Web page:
Finally. Finally I have an answer about why my “high speed” DSL service is anything but. But first, a bit of background. For those so inclined, the past article in this series, which, I fervently hope, will be soon ending:
Here is what has happened since the last article posted on 01-10-15:
01-15-15: Kevin Smith from the AT&T President’s office and I finally connected by phone, and his solution? To send a technician to verify what I’ve been telling him in multiple e-mails.
Of course, I knew that would accomplish nothing. A very competent technician has been here twice and I’ve chatted with him a third time as he worked at my neighbor’s home where the same trouble plagues them, and once more by phone. I’ve even called his direct supervisor. But, at least Smith was acknowledging–or potentially beginning to acknowledge–the problem.
01-16-15: Smith called back with interesting news. He cancelled the visit from a technician because he discovered what’s wrong: AT&T’s equipment is so outmoded, when too many people are simultaneously using DSL in my area, the speed drops dramatically. And the really bad news? There is no fix. It’s not going to get better.
So AT&T has been charging me–and everyone else in my area using the same equipment–for years, for service they knew I could never have. This is, of course, not Smith’s fault, and he is working to ensure I pay, from now on, what he called a “promotional” rate. Someone was supposed to call me about that during the week of 01-19/23-15, and Smith himself promised to call me during that week to sort things out as well.
Would it surprise any of you that have read this series to learn that no one called me, nor did Smith?
Would it further surprise anyone to learn that I have no other Internet alternatives where I live? I’m stuck with AT&T low speed DSL. Smith did mention that he would arrange to call me when AT&T’s “U-Verse,” which is apparently some sort of hyper high-speed Internet service, becomes available in my area, but of course, he had no idea when that might be.
This is somewhat surprising, gentle readers. I live only about six miles south of Ft. Worth. While some of the area surrounding my community is farm and ranch land, driving to and from Ft. Worth and surrounding areas one sees very little open land, and thousands upon thousands of homes and businesses. Why, we have four to six-lane highways, electricity, and indoor, running water! We even have toilet paper. It’s not as thought I live 100 miles in the middle of the Mojave Desert. I live on a quiet, suburban street, surrounded by new, modern homes. No picket fences, but green lawns, trees, dog poop, not a horse-drawn carriage to be seen. One would think we might have the infrastructure for the kind of low speed Internet service AT&T advertises as high speed Internet service. As John Belushi used to say: “but noooooooooooo!”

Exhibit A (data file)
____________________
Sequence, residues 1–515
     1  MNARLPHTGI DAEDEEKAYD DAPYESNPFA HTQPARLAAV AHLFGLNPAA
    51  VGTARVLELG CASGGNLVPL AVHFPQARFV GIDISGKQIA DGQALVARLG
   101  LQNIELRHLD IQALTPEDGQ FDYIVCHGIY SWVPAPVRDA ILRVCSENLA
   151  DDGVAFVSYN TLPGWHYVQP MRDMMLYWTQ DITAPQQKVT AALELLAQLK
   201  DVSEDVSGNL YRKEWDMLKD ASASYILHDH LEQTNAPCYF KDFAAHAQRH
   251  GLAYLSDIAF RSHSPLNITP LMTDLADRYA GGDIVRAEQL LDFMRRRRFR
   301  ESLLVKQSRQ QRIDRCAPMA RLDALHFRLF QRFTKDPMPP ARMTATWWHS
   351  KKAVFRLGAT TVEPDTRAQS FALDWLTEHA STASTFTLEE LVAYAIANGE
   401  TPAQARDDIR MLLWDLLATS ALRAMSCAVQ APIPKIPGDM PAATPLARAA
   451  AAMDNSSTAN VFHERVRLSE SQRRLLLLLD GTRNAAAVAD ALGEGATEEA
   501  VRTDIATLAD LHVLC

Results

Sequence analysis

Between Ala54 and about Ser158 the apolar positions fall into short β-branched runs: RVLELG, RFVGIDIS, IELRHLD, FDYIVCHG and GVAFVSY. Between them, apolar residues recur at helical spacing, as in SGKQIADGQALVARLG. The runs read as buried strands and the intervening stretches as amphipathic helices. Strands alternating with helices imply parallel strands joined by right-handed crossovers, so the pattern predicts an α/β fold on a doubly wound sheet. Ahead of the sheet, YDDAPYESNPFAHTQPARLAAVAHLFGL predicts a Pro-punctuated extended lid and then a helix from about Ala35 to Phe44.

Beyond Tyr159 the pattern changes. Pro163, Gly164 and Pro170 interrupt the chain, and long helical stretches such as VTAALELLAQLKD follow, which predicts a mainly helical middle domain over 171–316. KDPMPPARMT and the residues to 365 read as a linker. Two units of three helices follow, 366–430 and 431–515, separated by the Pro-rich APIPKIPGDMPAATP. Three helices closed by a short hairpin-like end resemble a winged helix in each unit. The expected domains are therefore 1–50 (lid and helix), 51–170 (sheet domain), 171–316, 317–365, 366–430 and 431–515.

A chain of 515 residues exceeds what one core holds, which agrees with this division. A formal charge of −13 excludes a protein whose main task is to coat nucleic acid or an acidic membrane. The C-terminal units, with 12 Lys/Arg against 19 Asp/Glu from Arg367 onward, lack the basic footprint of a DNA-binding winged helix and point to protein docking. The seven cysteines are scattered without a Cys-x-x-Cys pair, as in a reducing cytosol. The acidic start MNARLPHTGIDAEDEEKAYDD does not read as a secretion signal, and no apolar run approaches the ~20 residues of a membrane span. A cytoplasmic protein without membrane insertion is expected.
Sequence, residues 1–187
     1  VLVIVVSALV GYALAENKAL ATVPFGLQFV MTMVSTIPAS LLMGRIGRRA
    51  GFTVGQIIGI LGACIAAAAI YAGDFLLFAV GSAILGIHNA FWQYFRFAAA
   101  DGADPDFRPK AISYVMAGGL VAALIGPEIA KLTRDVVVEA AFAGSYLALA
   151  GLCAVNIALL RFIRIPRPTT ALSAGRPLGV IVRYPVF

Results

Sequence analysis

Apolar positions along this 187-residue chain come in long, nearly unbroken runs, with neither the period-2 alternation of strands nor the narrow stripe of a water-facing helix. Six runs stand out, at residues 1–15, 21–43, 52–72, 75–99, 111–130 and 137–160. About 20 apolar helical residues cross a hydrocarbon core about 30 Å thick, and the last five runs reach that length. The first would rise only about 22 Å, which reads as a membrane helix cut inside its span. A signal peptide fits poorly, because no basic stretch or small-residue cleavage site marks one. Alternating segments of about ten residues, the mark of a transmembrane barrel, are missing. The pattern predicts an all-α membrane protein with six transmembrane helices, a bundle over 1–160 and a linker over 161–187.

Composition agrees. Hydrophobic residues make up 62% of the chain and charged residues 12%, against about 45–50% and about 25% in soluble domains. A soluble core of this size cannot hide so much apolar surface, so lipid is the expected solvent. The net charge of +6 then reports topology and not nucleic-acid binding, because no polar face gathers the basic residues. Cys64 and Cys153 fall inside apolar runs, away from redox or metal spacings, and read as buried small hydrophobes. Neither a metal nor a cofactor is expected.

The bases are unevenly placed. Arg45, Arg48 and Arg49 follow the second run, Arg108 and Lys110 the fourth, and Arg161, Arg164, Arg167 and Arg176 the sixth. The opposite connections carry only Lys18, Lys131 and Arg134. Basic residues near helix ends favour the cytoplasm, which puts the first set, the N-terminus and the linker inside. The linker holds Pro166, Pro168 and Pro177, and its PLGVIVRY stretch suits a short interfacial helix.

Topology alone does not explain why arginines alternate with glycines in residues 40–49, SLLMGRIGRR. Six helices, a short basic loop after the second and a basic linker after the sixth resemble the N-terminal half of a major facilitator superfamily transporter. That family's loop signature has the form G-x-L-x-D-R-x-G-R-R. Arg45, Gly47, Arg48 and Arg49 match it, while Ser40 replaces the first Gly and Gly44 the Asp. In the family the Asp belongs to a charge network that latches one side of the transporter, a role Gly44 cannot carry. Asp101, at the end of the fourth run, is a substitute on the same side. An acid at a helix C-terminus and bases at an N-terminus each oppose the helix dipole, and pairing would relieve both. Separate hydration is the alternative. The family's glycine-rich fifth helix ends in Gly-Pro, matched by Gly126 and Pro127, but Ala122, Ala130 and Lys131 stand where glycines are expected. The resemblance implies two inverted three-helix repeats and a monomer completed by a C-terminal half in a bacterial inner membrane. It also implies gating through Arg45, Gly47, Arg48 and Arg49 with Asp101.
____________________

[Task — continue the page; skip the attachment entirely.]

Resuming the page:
While this debacle has provided fodder for a series of articles I had not, in my wildest dreams, ever hoped or wanted to write, I really want this to be done as soon as possible. I had hoped to have actual high speed Internet service, but it now appears that’s not going to be possible, perhaps not in my lifetime.
Still, the other day I needed to send several photos to a colleague. They weren’t huge; they didn’t comprise gigabytes of data, but even sending a few, small, JPEG images was impossible. I had to send them via snail mail on a flash drive. Sigh.
So while I appreciate Smith’s offer to reduce my monthly bill for Internet service to an appropriately low level–and I hope to actually hear from AT&T and Smith about that issue some day–there is more that must be addressed.
For more than a decade, if memory serves, AT&T has been selling me high-speed Internet service that never was. Because I had nothing with which to compare it, with the exception of dial-up service that was much, much slower, I just thought it was a particularly buggy product. Over the years, I experienced frequent outages, long periods of slow service and other glitches, but I didn’t know enough to know this was because the equipment AT&T was using to provide the service was fundamentally inadequate to the task.
In recent months, the problem has become acute, because AT&T, knowing it was selling a product it didn’t have, kept selling it and kept collecting money. As my community grew–as it continues to rapidly grow–the problem got worse and worse. The more people that used the service, the slower and more troubled it became.
If I were a cynical sort–wait a minute: I am a cynical sort!–I might consider this to be fraud and file a formal complaint with the Public Utilities Commission. But “fraud” is a harsh word, and for the moment, I’m going to e-mail Mr. Kevin Smith of the office of the President of AT&T and ask, nicely, that AT&T reimburse me in full for the service for which I have, for many years, paid but never received. Since AT&T sold me that service knowing it could never live up to its promise–what’s that business word…contract? Yes, contract; that’s it–that seems only reasonable and fair.
I don’t think anyone was malicious about this. Surely, Kevin Smith and the helpful and earnest technicians with whom I’ve dealt have not knowingly defrauded me or anyone. They work for a huge corporation and didn’t know what was happening until they were motivated to dig into the problem. But that doesn’t change the fact that I’ve been paying, and a considerable amount over many years, for a service I’ve never received.
And as long as AT&T actually does lower my future monthly bills to reflect Internet service only somewhat better than dial up, I’ll have to be satisfied, having no other alternatives.
What do you think, gentle readers? I’ll keep you informed.